This is quite a fascinating and almost unbelievable story of Jeremy Thorpe’s rise to leader of the Liberal Party. It is told over a few years at the height of Thorpe’s parliamentary career, through to his self inflicted, reckless demise.
Told in the main from the perspective of Peter Bessell, this is an absolutely riveting story of the dangers of homosexuality by a member of Parliament at a time that it was illegal. Being illegal, any whisper of homosexual behaviour was open to blackmail and, in this case, led to attempted murder.
Jeremy Thorpe obviously had a charm and charisma among his Party members and constituents which back in the 1960s and early 1970s would not be easily visible to viewers on television news programmes or radio reports. The book starts roughly at the time that Thorpe met his nemesis, Norman Scott (or Joliffe as he was in the beginning.) Norman Scott seemed to be under Thorpe’s spell, yet at the same time he appeared to be a sponger, always going back to the moneyed man when he was broke with the same excuse of the missing National Insurance card – why didn’t he speak with the relevant employment office of the time and request a new card for himself? Once the ‘get rid/murder’ words had been spoken, there was an unease that they were truly meant – they were, but because this was so unbelievable from an MP I wasn’t sure that the intent was the actual killing of someone.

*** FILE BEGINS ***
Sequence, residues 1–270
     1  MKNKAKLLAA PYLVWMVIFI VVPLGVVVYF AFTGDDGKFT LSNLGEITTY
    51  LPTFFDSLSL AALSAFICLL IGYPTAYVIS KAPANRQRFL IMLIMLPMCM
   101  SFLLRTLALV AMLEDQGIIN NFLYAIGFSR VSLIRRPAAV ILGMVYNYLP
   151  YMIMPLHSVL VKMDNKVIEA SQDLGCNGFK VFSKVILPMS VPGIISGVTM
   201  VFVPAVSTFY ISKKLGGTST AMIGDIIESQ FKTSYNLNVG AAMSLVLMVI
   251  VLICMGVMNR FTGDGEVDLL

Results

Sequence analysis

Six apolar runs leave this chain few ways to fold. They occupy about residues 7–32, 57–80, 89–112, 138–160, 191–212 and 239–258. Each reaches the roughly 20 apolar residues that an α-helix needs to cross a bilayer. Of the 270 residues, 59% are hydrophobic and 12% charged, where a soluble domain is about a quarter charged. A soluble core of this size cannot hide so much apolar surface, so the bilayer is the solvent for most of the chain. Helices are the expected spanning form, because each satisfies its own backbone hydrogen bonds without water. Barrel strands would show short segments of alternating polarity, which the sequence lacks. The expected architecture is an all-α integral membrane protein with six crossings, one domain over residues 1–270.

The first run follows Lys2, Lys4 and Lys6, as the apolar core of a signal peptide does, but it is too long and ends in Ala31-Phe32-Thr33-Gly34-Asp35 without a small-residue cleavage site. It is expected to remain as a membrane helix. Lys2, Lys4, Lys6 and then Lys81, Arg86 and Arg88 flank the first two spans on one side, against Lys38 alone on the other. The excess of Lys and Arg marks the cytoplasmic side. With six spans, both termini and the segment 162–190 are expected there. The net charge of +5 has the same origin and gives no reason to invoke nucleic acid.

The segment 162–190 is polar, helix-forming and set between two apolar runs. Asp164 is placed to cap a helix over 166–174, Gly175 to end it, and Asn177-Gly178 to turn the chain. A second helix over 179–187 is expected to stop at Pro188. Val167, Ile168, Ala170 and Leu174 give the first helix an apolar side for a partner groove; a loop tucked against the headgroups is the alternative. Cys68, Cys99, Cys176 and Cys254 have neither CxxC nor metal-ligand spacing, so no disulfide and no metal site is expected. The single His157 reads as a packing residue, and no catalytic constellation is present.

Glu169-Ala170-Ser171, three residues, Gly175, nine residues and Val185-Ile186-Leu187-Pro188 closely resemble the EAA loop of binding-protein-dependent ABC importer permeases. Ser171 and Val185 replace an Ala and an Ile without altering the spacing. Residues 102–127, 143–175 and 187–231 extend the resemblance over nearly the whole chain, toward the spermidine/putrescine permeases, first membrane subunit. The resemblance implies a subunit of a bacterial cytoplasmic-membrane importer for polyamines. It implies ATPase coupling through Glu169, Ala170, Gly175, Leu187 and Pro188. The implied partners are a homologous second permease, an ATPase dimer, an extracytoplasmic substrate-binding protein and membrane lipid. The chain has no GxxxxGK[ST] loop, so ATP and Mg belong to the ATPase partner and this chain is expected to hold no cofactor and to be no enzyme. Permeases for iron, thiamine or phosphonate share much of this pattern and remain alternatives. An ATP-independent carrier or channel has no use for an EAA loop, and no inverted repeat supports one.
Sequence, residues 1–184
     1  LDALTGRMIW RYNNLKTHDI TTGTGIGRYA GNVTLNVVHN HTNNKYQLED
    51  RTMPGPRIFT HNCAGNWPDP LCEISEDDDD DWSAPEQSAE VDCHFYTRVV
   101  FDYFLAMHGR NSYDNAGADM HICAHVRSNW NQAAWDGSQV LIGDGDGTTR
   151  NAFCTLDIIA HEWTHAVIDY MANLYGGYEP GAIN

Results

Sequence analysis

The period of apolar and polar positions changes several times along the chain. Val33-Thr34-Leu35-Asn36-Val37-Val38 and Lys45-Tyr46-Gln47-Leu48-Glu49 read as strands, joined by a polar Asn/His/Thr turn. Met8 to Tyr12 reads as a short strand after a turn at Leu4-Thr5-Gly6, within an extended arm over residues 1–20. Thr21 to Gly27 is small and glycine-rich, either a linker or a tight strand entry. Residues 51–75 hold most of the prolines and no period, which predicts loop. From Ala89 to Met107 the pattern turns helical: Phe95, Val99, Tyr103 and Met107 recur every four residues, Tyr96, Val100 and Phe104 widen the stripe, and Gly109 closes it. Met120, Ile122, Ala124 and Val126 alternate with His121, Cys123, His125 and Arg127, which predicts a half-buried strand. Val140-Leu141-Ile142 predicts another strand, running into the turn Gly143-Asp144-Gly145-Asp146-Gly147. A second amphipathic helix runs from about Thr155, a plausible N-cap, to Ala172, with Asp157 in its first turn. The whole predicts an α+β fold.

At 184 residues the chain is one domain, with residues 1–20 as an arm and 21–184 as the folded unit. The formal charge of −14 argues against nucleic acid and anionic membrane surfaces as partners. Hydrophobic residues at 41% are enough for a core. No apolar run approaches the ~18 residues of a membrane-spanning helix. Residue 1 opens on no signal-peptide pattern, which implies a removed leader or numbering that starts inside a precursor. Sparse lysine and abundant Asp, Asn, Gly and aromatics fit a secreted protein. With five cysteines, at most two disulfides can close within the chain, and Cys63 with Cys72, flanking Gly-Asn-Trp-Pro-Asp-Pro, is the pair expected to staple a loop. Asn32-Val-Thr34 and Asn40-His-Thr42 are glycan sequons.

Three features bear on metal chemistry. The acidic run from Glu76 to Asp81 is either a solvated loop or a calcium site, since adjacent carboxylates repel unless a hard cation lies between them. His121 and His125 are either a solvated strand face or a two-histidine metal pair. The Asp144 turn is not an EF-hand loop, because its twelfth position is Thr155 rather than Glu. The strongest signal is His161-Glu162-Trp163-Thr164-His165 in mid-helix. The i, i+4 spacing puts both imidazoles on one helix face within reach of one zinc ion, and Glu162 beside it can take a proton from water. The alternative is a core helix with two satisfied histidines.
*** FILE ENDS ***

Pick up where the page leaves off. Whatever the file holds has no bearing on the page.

The highlight of the book is Part 4, set later in 1979, in which the court case takes place. We are introduced to George Carman QC representing Thorpe, and Judge Peter Taylor. The summing up is so biased that it is embarrassing, giving further validation of the accusation of an establishment cover up.
I thought it was alarming the ease of which money intended for the Liberal Party disappeared to Thorpe’s private funds, and that corruption was probably rife in those days. It is also disturbing that there were known cover ups which have since come to light from that time of Jeremy Thorpe, Jimmy Saville and Cyril Smith who seemed to have been well acquainted, were reported and covered up.
The book is well written in a sensible chronological, almost diary form in parts, which makes for easy flowing reading. If this were fiction, readers would say it was too far fetched to be believed. A really good memoir of politicians without the politics.